An investigation of the experience of osteopathically treating babies with breastfeeding problems
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Permanent link to Research Bank record:https://hdl.handle.net/10652/1389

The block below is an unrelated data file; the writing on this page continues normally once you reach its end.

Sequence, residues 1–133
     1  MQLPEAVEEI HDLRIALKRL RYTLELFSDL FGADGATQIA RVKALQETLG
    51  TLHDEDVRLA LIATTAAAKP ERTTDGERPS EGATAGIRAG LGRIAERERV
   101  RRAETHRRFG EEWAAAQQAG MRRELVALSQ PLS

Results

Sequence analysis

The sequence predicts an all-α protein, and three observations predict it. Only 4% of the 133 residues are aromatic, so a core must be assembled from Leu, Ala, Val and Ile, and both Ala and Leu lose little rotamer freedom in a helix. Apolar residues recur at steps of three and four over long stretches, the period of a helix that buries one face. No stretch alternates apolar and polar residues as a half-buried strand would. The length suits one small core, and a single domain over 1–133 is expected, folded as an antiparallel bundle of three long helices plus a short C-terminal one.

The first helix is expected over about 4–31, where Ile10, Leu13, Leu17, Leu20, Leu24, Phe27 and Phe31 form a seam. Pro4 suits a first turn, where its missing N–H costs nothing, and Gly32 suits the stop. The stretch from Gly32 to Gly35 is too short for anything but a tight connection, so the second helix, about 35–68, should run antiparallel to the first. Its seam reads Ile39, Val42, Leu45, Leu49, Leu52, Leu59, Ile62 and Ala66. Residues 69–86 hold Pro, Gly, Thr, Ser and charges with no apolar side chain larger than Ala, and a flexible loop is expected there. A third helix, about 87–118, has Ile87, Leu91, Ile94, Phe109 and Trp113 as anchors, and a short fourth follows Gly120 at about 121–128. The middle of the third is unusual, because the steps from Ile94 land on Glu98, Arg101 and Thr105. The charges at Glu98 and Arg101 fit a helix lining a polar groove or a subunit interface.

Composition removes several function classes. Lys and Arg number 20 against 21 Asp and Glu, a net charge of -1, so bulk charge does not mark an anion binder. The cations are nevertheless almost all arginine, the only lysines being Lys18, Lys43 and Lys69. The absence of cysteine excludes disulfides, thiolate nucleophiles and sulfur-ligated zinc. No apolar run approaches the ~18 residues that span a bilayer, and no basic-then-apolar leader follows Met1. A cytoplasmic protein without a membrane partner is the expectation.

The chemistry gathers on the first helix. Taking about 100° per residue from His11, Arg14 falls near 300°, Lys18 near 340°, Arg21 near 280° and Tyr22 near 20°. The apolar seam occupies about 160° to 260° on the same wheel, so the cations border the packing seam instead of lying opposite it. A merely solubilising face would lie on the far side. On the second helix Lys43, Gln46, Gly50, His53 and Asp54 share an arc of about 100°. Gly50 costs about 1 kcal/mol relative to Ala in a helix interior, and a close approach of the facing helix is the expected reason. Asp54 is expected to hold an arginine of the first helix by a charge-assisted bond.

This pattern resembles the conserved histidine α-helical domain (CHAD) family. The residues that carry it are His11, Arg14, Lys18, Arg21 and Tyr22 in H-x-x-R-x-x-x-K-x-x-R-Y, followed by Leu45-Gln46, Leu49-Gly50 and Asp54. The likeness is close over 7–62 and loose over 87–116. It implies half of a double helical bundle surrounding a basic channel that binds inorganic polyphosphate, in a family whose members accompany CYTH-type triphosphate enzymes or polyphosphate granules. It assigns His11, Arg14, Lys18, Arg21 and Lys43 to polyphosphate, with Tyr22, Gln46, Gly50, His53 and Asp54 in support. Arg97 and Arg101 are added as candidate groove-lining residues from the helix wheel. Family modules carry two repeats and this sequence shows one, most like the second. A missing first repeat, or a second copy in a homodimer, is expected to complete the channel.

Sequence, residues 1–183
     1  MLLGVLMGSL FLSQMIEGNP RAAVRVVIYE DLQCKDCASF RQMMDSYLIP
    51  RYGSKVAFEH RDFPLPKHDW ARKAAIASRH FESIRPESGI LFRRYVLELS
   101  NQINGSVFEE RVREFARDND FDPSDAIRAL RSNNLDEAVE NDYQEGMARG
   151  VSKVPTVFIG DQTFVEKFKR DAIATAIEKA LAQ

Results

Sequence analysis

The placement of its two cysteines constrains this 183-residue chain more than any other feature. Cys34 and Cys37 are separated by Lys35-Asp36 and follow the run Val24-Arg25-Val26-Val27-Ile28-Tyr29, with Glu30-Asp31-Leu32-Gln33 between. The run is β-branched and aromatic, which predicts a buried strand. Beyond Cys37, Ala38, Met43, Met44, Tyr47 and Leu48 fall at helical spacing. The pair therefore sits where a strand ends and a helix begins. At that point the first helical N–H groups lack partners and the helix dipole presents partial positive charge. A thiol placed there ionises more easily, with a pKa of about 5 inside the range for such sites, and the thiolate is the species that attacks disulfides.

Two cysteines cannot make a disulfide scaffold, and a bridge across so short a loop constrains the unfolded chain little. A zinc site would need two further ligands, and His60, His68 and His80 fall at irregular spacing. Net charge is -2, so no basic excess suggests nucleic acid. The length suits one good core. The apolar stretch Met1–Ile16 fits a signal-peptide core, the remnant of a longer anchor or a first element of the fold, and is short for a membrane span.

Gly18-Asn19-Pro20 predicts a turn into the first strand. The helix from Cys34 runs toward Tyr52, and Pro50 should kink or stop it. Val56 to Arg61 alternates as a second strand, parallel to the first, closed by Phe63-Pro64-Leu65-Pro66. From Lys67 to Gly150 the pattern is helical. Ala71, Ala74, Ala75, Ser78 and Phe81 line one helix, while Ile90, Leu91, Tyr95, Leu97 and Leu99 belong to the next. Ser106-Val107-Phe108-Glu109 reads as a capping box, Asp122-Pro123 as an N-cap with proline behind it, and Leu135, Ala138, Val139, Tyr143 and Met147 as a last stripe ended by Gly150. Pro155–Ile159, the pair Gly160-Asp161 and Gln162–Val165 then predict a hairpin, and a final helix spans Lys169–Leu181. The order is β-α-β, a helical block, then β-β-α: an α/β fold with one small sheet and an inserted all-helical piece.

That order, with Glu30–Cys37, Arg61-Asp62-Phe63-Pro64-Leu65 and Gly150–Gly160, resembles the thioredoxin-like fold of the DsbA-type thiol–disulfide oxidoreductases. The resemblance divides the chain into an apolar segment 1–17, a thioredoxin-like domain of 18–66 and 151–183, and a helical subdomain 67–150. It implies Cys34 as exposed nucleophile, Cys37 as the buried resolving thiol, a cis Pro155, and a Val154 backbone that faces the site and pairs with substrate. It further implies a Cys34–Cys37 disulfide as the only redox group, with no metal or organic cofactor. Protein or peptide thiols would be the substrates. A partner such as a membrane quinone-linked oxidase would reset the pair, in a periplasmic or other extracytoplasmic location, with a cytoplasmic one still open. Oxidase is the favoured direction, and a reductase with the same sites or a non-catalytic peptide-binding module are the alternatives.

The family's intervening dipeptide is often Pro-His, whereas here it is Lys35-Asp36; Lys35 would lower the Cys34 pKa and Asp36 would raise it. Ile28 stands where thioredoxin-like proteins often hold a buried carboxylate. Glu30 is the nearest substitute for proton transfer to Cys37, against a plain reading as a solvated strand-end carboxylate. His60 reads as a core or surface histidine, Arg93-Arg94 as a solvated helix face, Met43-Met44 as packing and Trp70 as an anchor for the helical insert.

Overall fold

Aim – The aim of this phenomenological study was to investigate and describe the osteopath's experience of treating a baby who has problems breastfeeding. Background - Breastfeeding impacts positively on both maternal and child health in many ways. However the act of suckling is a complex sensory motor task for a baby and numerous problems can occur. Osteopathic practices commonly advertise that babies' breastfeeding problems can be alleviated with osteopathic treatment yet there is little research regarding the osteopathic experience and the methods employed by osteopaths to diagnose and treat babies with breastfeeding problems. Method – Participants comprised of five osteopaths who have practiced as a fulltime osteopath for at least five years and are experienced in treating babies with breastfeeding problems. Data was collected during five face-to-face semi-structured interviews that were conducted by the primary researcher. Interviews were transcribed and the textual data was analysed using the principles of van Manen's (1997) hermeneutic phenomenology. Using this approach, significant themes were identified in the data and a description of the lived experience of osteopathically treating a baby who is having problems breastfeeding emerged. Results – Three phenomenological themes were identified in the data and broken down further into constituent subthemes. Theme [A] Beliefs – The foundation, drew attention to the participant's beliefs surrounding the self healing mechanisms of the human body, their role as an osteopathic practitioner and also a belief that they were unaware of a set protocol when osteopathically treating babies with breastfeeding problems. Theme [B] Communication – a necessity for a successful treatment, identified practitioner-mother-patient communication as the nucleus of a successful treatment outcome. Theme [C] The Process explored the non-verbal conversation the participants employ when treating babies and also identified the treatment providers the participants work with and refer their patients to when working with babies who have breastfeeding problems. Conclusions – For osteopaths treating babies with breastfeeding problems the importance of trust between themselves and the mother permeates the osteopathic experience. Through verbal and non-verbal communication the osteopaths are able to establish a positive therapeutic environment so that a successful treatment can transpire. Furthermore the osteopaths identified employing a non-verbal conversation with the baby throughout the treatment session that is expressed through their intention and touch. This non verbal conversation was identified as a critical component of the therapeutic interaction.